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Update: Juvenile faces multiple charges in connection with stolen vehicle


March 15th, 2012 by Ric Hanson

In an update to a story told you about Wednesday here on KJAN.com, Pottawattamie County Sheriff Jeff Danker says a juvenile was arrested on multiple charges, following the chase of a vehicle allegedly stolen out of Fort Calhoun, Nebraska. The unnamed male suspect was transported to the Southwest Iowa Juvenile Detention Center in Council Blufs, to be held on charges of 1st degree theft; Felony Eluding; 3rd degree theft; Carrying a Concealed Weapon; Reckless driving; and Failure to have a valid driver’s license.

Danker says the incident began at about 4:40-a.m. Wednesday, when the Washington and Douglas County, NE Sheriff’s Offices and Nebraska State Patrol released a broadcast notifying area law enforcement they were in pursuit of a Ford Escape allegedly stolen in Nebraska. The chase was along Interstate 680 eastbound heading towards Iowa. When the stolen vehicle crossed the State line, Nebraska authorities terminated their pursuit. Danker says his deputies were able to set a perimeter from Hamlet Lane on River Road, north to 130th Street. The suspect was seen by units in the area as he drove across fields and began to follow a fence line south on River Road. He continued south on River Road to the Council Bluffs City limits, in excess of 80-miles per hour.

As the vehicle was being pursued, the suspect drove around a set of spike strips deployed by Council Bluffs Police, by turning west into a field and onto an abandoned set of railroad tracks. The SUV went out of control and slid down an embankment, into a tree, which pinned the driver’s door shut. The suspect was apprehended without injury. No law enforcement officers were injured as a result of the chase.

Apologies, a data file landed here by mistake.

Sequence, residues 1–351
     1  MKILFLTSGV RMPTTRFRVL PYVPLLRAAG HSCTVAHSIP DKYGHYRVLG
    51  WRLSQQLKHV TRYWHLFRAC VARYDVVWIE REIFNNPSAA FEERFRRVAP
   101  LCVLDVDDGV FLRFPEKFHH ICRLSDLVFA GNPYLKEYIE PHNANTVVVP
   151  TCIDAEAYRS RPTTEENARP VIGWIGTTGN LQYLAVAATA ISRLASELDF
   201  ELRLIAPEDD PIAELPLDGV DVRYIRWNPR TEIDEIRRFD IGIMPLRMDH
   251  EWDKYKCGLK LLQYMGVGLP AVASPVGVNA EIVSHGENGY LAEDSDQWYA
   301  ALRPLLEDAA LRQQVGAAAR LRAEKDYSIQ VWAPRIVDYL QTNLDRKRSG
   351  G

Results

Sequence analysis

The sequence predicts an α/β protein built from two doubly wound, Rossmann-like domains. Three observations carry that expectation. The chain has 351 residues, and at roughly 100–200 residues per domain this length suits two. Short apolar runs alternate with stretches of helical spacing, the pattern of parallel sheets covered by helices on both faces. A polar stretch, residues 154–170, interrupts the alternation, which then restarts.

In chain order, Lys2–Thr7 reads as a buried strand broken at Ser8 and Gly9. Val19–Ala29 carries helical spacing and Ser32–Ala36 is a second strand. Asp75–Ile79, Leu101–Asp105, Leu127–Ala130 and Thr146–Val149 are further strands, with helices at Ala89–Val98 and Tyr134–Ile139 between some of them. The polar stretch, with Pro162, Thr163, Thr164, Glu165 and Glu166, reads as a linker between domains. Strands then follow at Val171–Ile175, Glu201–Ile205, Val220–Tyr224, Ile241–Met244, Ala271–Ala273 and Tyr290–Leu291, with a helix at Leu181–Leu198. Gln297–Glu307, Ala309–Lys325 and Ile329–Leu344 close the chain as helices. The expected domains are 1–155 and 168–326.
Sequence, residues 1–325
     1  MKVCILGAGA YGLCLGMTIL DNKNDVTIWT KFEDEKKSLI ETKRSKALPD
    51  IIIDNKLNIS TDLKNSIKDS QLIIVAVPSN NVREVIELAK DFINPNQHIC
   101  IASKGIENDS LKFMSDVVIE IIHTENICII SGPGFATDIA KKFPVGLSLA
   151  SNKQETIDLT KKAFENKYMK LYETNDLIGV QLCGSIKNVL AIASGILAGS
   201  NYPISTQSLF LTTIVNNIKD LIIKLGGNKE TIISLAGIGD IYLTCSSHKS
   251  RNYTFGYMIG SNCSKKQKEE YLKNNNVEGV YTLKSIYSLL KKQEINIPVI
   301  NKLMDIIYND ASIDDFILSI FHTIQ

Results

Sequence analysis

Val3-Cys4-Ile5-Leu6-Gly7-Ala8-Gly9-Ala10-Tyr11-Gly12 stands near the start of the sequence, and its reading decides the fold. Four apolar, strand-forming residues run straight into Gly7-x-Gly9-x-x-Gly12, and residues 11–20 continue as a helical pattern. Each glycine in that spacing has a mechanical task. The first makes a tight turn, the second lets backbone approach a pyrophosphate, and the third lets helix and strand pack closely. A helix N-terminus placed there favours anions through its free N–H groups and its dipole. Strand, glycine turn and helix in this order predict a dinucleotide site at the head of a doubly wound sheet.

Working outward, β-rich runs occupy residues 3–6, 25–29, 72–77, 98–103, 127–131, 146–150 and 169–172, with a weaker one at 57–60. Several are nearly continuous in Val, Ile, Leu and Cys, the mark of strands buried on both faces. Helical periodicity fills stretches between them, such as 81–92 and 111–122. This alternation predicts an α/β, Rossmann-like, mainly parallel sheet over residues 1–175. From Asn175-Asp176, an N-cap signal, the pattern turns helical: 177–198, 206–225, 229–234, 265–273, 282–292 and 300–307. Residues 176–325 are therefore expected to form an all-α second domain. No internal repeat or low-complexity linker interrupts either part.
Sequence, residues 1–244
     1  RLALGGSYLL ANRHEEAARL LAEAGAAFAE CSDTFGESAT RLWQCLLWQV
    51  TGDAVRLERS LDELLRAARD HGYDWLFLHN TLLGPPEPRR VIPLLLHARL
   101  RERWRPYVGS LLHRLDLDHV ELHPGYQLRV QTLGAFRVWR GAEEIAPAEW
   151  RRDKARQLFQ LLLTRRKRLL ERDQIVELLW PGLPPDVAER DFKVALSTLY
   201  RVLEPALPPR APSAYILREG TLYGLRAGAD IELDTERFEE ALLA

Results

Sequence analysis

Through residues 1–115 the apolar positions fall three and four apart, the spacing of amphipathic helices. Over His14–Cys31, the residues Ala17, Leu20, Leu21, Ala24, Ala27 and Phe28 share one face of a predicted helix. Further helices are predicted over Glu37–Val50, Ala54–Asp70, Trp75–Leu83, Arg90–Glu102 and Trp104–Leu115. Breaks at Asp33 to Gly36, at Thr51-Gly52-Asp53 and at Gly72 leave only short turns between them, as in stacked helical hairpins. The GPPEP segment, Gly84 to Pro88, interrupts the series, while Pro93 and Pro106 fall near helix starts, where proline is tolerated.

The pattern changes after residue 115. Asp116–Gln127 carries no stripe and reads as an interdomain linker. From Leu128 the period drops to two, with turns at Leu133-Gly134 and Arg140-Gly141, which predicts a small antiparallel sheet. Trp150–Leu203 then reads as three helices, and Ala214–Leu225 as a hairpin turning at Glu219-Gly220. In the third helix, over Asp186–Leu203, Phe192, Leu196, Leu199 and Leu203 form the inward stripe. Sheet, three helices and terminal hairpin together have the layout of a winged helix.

Danker says a search of the vehicle recovered personal identification items not belonging to the suspect, along with a small caliber handgun and three rounds of ammunition. The gun had not been reported stolen. Items located in the SUV were reported to have been stolen during a burglary which occurred sometime Wednesday morning. Also located in the vehicle was a “Things to do before 3/11/12″ list. The list included check boxes, some of which had been marked. Among items on the check list was “survival-type gear,” “checking the pistol,”  and, “finding places to go.”

Schleswig teen injured during Crawford County rollover crash


March 14th, 2012 by Ric Hanson

The Iowa State Patrol says a Schleswig teen was transported to the Crawford County Hospital following a single-vehicle rollover accident this (Wednesday) morning. Denison-Schleswig Fire and Rescue personnel used the “Jaws of Life” to pry 16-year old McKenzie Weiss from the SUV she was driving, after it went into a ditch and fence line before rolling onto its right side. The accident took place at around 7:15-a.m., as Weiss was traveling south on Highway 59, at the intersection with I Avenue. Officials say the teen lost control of the Jeep Grand Cherokee, after she over corrected when the SUV drifted onto right shoulder of the road. The teen was cited for Failure to Maintain Control. The combined damage to the Jeep and the fence, amounted to $8,500.